In this series, I dig a little deeper into the meaning of psychology-related terms. This week’s term is victim blaming.
I got thinking about this while reading a recent post on domestic violence on Mental Health 360º. Victim blaming commonly occurs in connection with domestic assault, but also in a variety of other contexts, including sexual assault.
Victim blaming involves placing the responsibility for a violent or otherwise harmful act either entirely or partially on the victim of that act. It arises from distorted beliefs regarding victims, perpetrators, and the harmful acts themselves. Victim blaming acts as a major deterrent to reporting of both crimes and other problem behaviours like bullying.
The just world fallacy is a type of cognitive bias that’s centred around the belief that the world is a fair place, and good things happen to people who do good things while bad things happen to people who do bad things. That’s not the way the world works at all, but people can use that belief to convince themselves that they’re safe from things that happen to “bad people.” To admit that a “good person” could be victim goes against the just world fallacy; in turn, this would suggest that harm could come to any “good person,” which isn’t fun to accept. If, however, the victim is supposedly doing something “wrong,” then the just world fallacy bubble remains intact.
Homophobia can feed into victim-blaming when the victim of an assault is homosexual. Similarly, racism can lead to increased victim-blaming.
According to the defensive attribution hypothesis, victim-blaming is less likely the more similar the observer is to the victim. In this situation, the observer is more likely to identify with the victim.
Other types of attribution errors can also come into play. If there’s a mix of personal and situational/environmental factors that might contribute to a situation, when something bad happens to someone else, we tend to overestimate the role of personal factors/failings and underestimate the role of environmental factors. When something good happens to someone else, we tend to make the opposite attribution. That’s all flipped upside down when we evaluate good and bad things happening to ourselves.
Attribution errors can come from a couple of different angles. Blame can be attributed to stable factors like gender or personality, as well as to changeable factors like behaviour. Blaming of male victims of sexual assault often relates to whether or not they fought back during the assault, as physical resistance fits with gender stereotypes. Observer-related factors matter too; overall, men are more likely than women to engage in victim blaming.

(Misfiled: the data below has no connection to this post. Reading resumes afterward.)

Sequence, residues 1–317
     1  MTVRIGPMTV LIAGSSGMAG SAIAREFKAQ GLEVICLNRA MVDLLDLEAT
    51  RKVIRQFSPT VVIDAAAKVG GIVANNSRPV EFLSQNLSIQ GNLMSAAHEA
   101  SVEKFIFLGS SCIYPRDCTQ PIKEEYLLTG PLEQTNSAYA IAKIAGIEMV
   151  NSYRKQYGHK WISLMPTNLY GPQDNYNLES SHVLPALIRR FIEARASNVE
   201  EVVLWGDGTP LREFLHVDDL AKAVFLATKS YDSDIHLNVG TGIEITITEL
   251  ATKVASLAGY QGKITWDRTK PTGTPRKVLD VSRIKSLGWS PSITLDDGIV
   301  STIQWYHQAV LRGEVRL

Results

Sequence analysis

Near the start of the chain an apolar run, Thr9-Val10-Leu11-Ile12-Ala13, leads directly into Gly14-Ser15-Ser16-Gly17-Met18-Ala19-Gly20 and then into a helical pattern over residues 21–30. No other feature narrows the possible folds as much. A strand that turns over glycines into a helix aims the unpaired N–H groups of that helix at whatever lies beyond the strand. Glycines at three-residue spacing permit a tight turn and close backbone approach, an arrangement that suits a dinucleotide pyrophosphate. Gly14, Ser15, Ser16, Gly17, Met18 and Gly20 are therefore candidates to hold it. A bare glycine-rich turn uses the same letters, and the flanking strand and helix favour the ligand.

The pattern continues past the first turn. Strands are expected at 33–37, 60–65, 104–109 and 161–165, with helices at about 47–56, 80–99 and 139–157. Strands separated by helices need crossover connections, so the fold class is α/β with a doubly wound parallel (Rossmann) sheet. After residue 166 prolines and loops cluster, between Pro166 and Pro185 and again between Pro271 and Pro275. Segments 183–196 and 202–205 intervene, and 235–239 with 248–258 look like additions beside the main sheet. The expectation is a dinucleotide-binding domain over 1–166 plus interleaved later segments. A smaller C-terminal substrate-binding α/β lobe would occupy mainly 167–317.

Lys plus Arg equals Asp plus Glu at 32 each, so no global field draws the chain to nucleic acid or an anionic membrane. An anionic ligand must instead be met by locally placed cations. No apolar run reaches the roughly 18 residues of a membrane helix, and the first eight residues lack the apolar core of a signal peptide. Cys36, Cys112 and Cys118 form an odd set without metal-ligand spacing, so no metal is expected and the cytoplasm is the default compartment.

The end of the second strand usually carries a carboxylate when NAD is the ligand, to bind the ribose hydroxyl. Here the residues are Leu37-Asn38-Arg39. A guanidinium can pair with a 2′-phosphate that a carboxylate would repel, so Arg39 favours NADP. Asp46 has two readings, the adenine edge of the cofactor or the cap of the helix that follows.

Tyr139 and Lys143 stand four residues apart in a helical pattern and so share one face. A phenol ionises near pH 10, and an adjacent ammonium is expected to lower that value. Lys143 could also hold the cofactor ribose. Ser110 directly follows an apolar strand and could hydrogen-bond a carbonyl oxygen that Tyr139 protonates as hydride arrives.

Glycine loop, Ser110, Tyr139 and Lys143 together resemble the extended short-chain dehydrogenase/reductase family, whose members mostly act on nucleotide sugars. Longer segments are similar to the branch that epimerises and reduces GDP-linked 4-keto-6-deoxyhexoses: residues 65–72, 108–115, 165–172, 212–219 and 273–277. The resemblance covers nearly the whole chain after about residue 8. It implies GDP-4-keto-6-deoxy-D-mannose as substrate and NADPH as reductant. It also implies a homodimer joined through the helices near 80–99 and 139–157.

Blame may show up in the form of questioning rather than an outright statement of fault. Asking questions about things like why a victim remained in a situation where they would be victimized again, as often happens with domestic abuse, essentially suggests that the victim likes to or chooses to be abused. A victim’s sexual history also gets trotted out sometimes, as if somehow that somehow forces the perpetrator to assault them.
What is “asking for it”?
On the face of it, it may seem logical to some people that a woman who’s drunk or wearing a short skirt is somehow “asking for it”; in reality, though, it’s absurd. To use an utterly ridiculous example, let’s say that my sexual kink is whacking men’s bums with a rubber chicken. Let’s also say that men wearing sunglasses are my biggest turn-on. Furthermore, let’s say I were to accost a man wearing sunglasses and get busy on his bum with my rubber chicken. Is there any chance that anyone would say that the rubber chickening is the man’s fault for wearing sunglasses, or that wearing sunglasses constituted implied consent? Is there anything at all that he could possibly do to make people conclude the rubber chickening was his fault? I highly doubt it.
So, we don’t blame the victim in this albeit ridiculous scenario, but people blame a woman for being sexually assaulted because she’s wearing a miniskirt? Even though one scenario is ridiculous and the other happens far too often, they are fundamentally the same. They’re both situations where the perpetrator is fully responsible for their actions, and the victim is 0% responsible.
The cognitive biases that tend to underlie victim-blaming may be easy to fall into, but that’s no excuse for anyone not to check in with themselves and reflect on who it is that’s actually done something wrong.
- Canadian Resource Centre for Victims of Crime (2009): Victim Blaming
- van der Bruggen, M. and Grubb, A.R. (2014) A review of the literature relating to rape victim blaming: An analysis of the impact of observer and victim characteristics on attribution of blame in rape cases. Aggression and Violent Behavior, volume 19 (5): 523-531.
The Psychology Corner page includes an index of the terms that have been covered in the What Is… (Insights into Psychology) series, as well as a collection of scientifically validated psychological tests.